Monday, July 14, 2008

Flying Into Winter, "Spring in His Step"

After twenty hours in the air -- with a quick refueling stop in Darwin -- B16 landed in Sydney yesterday (video) for the World Youth Day celebrations that begin later in the week with the pontiff's triumphant entrance into the city's Harbour at the helm of a flotilla.

Before being whisked to a few days of rest and shaking off the jet-lag at an Opus Dei retreat center outside the city (where Papa Ratzi's been provided with a cat companion for the duration of his stay), on his touchdown at a nearby airbase the Pope was greeted by his twin hosts for the weeklong trek: the Oz Premier Kevin Rudd and the nation's ever-controversial senior cleric, Sydney's Cardinal George Pell, whose history with allegations of clergy sex abuse caused a new firestorm in the days before the papal arrival, culminating in the cardinal's appointment of an independent inquiry to study his handling of a 2003 case late last week.

With the Pope planning to make another US-style apology to Australian victim-survivors -- and possibly hold a second meeting with a group -- sex abuse was a topic aboard the Volo Papale for the second papal trip running:
"Being a priest," the pope said, "is incompatible with sexual abuse, with this behavior that contradicts holiness." Benedict said that he decided to address the sexual abuse issue in the United States "because of the centrality of the theme" in that country, "and it will be the same in Australia."

Benedict also told reporters that he would work for “healing and reconciliation with the victims” of sexual abuse by Catholic clergy there “just as I did in the United States” earlier this year.

The Vatican has not announced whether the pope will meet with victims of sexual abuse while in Australia. In Washington, Benedict met with five victims in a private encounter in the residence of the Apostolic Nuncio, or ambassador, to the United States.

Auxiliary Bishop Anthony Fisher of Sydney, the chief organizer of World Youth day, told reporters that if a meeting were to take place, "I expect it would be like in the United States, very private."
“It is essential for the Church to reconcile, to prevent, to help and to see guilt in this problem,” the pope told reporters.

"We have to reflect on what was insufficient and our education and our teaching (of priests). This is the essential content of what we will say (as we) apologize," he said.
Culminating a long Vatican push on the issue, another topic of note came straight from the pontiff's mouth in the tightly-controlled in-flight gathering: Benedict's first direct comments on the care of the environment, yet with a pointed reminder that he wouldn't get political about it.

Ten kilometres above the earth, the Pope delivered a message to the people of Sydney: the world is God's creation and humanity needs to safeguard it against the ravages of climate change.

His message, unexpected and delivered in Italian, called for a spiritual response to the environmental crisis and asked Catholics to find "a way of living, a style of life that eases the problems caused to the environment".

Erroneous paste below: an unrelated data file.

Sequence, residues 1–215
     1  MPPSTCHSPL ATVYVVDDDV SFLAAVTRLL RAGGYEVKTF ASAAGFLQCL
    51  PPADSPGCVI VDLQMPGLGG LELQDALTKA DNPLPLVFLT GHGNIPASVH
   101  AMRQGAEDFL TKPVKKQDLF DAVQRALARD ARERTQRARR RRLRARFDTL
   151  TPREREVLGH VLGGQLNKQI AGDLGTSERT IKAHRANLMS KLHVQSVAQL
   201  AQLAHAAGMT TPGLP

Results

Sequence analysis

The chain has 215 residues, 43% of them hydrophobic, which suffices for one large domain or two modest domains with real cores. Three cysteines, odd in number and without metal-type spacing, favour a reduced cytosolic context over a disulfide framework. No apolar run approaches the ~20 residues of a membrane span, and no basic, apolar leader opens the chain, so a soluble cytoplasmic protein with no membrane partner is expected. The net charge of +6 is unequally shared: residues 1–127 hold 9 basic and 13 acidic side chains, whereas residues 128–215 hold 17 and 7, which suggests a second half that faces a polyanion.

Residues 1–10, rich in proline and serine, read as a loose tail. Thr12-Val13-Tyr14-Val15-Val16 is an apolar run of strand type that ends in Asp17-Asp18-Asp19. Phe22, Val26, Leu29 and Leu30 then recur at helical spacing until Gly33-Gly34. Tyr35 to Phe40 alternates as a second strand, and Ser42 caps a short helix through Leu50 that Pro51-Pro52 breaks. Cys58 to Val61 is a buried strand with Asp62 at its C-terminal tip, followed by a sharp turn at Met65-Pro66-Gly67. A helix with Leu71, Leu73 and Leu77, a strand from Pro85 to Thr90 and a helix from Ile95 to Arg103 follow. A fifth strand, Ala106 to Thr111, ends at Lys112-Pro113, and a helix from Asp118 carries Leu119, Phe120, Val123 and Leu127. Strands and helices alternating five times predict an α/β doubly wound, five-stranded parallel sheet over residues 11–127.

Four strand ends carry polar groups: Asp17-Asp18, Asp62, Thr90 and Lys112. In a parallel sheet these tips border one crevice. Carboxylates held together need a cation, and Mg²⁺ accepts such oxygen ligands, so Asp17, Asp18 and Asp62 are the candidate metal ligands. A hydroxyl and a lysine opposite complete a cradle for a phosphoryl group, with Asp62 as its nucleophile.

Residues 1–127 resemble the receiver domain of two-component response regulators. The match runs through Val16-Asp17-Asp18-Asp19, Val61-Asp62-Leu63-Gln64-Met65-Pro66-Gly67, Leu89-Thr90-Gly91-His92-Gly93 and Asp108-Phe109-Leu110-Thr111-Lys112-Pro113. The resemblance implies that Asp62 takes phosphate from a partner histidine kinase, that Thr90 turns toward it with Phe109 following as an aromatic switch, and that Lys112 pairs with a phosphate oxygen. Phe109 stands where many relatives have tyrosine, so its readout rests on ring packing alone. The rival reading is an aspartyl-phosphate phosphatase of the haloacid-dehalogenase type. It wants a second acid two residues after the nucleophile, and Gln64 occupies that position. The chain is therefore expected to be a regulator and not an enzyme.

"We need to rediscover our earth in the face of our God and creator and to re-find our responsibilities in front of our Maker and the creatures of the earth He has placed in our hands in trust," he said.

"We need to reawaken our conscience. I want to give impulse to rediscovering our responsibilities and to finding an ethical way to change our way of life and ways to respond to these great challenges."

* * *
The polls might say that three-fourths of young Australians view the church as "out of touch," but that impression was little in evidence earlier today as the "torch" of the church's "Olympic event" -- the WYD Cross -- made its own big entrance into the host city via the Harbour, after which it was processed amid throngs through the streets.

While the majority of the 215,000 pilgrims from across the globe -- including a Stateside delegation of 15,000 -- have already arrived, the festivities don't officially begin until tomorrow evening's opening liturgy, with Pell as main celebrant. To follow the action as it happens, the organizers have set up a video page of their own, and blogs and coverage abound, from Australia's state broadcaster ABC, Catholic News Service and the National Catholic Reporter and Register both, to pilgrims from the archdioceses of San Antonio and Indianapolis, all topped by a "virtual pilgrimage" with a flock of youth-reporters posting to

At Sunday's climactic closing liturgy at Randwick Racecourse, as has been anticipated for some months now, the Pope is widely tipped to announce that the next WYD will go to Madrid. Breaking the usual triennial calendar for the celebrations, however, the 12th international gathering might just be moved up a year, taking place in 2010 to coincide with the next Holy Year at Santiago de Compostela and the 800th anniversary of the construction of the famed pilgrimage mecca's basilica. And what's more, even further beyond Sydney Harbour, the stars have begun to align toward a US bid for the following WYD, slated for 2014, with all sights already pointing to Houston as the proposed host-city.

More as it all progresses, 14 hours ahead of Eastern time.

PHOTOS: AFP/Getty(1,2); AP/Rob Griffith(3)